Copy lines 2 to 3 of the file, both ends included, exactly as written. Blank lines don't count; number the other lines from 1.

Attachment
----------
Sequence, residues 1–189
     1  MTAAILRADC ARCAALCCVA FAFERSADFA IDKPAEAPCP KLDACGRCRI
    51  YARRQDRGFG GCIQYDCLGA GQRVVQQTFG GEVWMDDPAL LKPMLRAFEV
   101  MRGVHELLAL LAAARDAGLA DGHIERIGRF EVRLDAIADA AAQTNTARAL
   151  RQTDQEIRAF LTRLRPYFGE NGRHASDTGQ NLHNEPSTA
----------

     1  MTAAILRADC ARCAALCCVA FAFERSADFA IDKPAEAPCP KLDACGRCRI
    51  YARRQDRGFG GCIQYDCLGA GQRVVQQTFG GEVWMDDPAL LKPMLRAFEV